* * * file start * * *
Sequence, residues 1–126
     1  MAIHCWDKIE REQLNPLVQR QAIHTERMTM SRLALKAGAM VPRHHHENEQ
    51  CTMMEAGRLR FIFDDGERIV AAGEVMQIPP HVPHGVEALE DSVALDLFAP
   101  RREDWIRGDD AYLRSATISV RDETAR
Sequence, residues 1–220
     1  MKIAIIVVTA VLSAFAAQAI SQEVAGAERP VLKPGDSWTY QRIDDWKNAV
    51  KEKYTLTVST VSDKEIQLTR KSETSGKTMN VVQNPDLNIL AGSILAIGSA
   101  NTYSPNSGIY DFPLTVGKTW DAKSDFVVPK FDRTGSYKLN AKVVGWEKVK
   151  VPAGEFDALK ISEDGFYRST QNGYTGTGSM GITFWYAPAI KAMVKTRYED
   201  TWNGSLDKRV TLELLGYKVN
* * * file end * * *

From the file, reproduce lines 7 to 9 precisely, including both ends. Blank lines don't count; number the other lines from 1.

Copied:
    51  KEKYTLTVST VSDKEIQLTR KSETSGKTMN VVQNPDLNIL AGSILAIGSA
   101  NTYSPNSGIY DFPLTVGKTW DAKSDFVVPK FDRTGSYKLN AKVVGWEKVK
   151  VPAGEFDALK ISEDGFYRST QNGYTGTGSM GITFWYAPAI KAMVKTRYED